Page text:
Gung Fu Kuen Kuit – Reloaded

Kuen Kuit are “Words of Wisdom” which capture in poetic terms the finer attributes of Gung Fu. “Kuen Kuit” is Cantonese for “martial sayings” or “fighting songs.”

To the new student;

  • Teachers are just people with greater experience. Take everything they say with a big pinch of salt.
  • The chief concern of your development should be the effectiveness of your fighting ability, the gauge of which should be measured by training with and against competent fighters.
  • Despite what you are being taught, always remind yourself that the system was meant to be simple. Always ask “Is there a simpler way of achieving the same result?”
  • If you find yourself being coerced into unnatural fighting positions, remind yourself that the system was supposed to rely on the natural attributes of average people.
  • The punch is the central movement. All other hand techniques are used to facilitate the punching action.
  • There are no blocks. Any defensive moves are merely diversions used to prevent yourself from being hit with the dual action of setting up your own strike.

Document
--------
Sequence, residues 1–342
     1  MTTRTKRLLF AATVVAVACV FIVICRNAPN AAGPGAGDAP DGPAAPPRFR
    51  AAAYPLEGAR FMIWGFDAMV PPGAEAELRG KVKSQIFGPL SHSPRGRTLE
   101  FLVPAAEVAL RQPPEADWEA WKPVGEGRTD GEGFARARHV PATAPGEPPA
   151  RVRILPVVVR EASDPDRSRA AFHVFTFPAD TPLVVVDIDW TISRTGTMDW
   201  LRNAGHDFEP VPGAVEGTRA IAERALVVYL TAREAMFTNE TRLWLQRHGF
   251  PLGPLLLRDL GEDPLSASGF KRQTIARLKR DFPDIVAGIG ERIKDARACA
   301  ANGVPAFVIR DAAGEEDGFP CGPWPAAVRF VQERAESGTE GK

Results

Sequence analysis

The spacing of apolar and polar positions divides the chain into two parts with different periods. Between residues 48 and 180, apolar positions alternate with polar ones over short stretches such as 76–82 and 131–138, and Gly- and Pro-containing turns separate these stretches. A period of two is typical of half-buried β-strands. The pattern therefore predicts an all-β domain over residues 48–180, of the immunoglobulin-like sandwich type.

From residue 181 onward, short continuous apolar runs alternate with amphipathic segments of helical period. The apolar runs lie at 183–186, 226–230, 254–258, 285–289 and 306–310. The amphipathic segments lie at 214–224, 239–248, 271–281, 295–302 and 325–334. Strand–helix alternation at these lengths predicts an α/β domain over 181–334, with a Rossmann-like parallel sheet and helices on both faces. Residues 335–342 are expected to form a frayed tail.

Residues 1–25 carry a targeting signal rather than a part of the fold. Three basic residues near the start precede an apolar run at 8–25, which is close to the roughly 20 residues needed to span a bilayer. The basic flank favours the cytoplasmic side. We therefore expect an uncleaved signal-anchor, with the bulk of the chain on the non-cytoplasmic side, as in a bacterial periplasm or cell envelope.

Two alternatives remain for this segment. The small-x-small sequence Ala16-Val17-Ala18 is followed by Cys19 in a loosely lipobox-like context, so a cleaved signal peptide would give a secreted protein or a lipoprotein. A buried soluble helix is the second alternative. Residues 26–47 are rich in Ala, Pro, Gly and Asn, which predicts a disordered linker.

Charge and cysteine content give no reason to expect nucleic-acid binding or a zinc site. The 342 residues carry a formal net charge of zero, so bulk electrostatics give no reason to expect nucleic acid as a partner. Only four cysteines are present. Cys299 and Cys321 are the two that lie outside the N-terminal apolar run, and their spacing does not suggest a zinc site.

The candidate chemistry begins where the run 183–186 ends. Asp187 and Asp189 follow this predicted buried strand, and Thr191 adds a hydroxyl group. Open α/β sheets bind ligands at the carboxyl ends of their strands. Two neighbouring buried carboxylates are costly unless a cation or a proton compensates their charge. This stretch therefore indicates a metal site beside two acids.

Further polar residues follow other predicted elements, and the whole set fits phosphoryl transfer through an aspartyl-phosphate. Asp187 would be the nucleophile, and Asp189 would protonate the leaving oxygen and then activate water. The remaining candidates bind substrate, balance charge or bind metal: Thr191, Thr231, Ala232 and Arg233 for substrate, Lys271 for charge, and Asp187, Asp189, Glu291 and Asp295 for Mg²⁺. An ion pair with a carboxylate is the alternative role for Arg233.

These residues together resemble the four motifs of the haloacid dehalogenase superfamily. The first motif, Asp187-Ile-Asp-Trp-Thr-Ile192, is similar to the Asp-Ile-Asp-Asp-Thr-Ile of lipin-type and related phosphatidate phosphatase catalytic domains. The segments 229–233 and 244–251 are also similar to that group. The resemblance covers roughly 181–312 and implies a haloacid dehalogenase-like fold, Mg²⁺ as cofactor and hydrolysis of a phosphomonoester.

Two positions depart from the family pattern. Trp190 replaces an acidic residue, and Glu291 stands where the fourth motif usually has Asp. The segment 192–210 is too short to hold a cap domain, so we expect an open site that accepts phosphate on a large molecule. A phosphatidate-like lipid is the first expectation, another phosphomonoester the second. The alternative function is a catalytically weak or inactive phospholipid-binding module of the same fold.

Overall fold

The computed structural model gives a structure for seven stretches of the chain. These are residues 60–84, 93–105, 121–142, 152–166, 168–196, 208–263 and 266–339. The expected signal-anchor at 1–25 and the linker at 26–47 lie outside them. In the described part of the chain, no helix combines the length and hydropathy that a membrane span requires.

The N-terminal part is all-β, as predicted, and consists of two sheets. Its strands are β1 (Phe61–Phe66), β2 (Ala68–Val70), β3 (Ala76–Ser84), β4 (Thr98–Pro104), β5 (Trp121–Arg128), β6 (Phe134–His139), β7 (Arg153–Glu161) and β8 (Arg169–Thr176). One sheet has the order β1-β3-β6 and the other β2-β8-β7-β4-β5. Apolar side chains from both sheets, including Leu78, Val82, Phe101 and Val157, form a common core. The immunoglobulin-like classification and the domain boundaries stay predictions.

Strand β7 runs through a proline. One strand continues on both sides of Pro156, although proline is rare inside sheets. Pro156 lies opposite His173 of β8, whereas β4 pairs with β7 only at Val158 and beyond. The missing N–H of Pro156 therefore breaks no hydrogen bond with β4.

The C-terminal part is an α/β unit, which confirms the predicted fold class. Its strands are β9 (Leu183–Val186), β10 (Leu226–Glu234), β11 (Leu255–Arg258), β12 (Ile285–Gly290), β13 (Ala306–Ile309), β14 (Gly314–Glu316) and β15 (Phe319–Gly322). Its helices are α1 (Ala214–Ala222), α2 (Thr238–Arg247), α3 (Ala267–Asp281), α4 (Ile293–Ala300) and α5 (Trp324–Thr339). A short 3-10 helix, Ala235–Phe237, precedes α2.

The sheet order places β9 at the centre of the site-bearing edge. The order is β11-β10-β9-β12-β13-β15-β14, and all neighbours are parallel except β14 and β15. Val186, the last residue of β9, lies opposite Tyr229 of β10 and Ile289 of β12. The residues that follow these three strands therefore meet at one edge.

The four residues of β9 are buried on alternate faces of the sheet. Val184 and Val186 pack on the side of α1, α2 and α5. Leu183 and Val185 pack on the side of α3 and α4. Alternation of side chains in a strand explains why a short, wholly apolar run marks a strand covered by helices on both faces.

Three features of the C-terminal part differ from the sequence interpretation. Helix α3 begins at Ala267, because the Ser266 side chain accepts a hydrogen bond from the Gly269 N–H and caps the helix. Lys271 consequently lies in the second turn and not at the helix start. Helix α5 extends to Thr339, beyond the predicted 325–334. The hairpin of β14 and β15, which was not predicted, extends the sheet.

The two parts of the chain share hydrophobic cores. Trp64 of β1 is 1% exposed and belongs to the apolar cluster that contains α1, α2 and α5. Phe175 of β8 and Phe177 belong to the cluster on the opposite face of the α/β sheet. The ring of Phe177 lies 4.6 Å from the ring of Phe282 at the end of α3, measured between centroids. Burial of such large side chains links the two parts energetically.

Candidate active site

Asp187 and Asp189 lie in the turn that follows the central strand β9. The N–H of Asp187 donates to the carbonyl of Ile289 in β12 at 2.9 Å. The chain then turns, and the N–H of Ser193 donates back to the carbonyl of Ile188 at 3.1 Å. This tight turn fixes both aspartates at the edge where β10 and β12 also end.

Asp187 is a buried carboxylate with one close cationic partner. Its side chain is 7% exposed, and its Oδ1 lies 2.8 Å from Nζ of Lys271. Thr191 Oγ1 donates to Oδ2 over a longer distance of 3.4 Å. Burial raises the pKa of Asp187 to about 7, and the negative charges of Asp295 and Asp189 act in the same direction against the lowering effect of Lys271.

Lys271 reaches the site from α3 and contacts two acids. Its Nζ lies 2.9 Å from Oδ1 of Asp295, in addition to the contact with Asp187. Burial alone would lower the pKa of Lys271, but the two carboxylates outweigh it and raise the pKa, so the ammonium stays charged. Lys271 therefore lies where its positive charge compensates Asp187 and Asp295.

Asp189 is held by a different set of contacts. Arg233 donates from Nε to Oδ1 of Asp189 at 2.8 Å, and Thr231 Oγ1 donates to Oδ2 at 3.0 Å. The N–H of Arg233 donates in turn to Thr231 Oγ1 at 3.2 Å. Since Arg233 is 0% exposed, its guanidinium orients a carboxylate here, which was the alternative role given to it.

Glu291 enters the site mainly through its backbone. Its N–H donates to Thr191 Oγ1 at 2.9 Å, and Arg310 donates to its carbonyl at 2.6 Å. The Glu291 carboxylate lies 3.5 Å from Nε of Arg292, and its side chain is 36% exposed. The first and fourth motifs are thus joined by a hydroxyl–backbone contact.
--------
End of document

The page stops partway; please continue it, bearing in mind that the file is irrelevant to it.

• Do not be afraid to mix sound scientific fighting principles with your own intuition. If it doesn’t ‘fit’ let it go.
  • Amassing techniques only leads to interference patterns when attempting to execute the technique in a highly adrenalized state. Instead, concentrate on being able to fire the same basic punches and kicks from any position, including but not limited to, standing, sitting, crouching, ducking, laying down.
  • Always have a back-up plan.
  • Do what thou wilt, shall be the whole of the law.
  • Skill is not something magically acquired by attending classes. The development of skill depends on what you do, away from the class setting.
  • You are only as good as the company you keep. You are only as good as the weakest person you train with. Always strive to find competent training partners.
  • The best martial artists do not tend to have a significant public or media, or social media profile. They are hidden from view, tending to prefer training and improving over discussing and ranting.
  • Beware of the salesman. There has been, and forever will be, someone, somewhere trying to convince you that what they have is more complete, comes from a better place and contains all the answers you seek.
  • If you seek answers to your questions and are looking for a guru or some sort of authority to guide you, look no further than the reflection in your own mirror.
  • Martial artists dispense advice freely. Be cautious about the advice you adopt.

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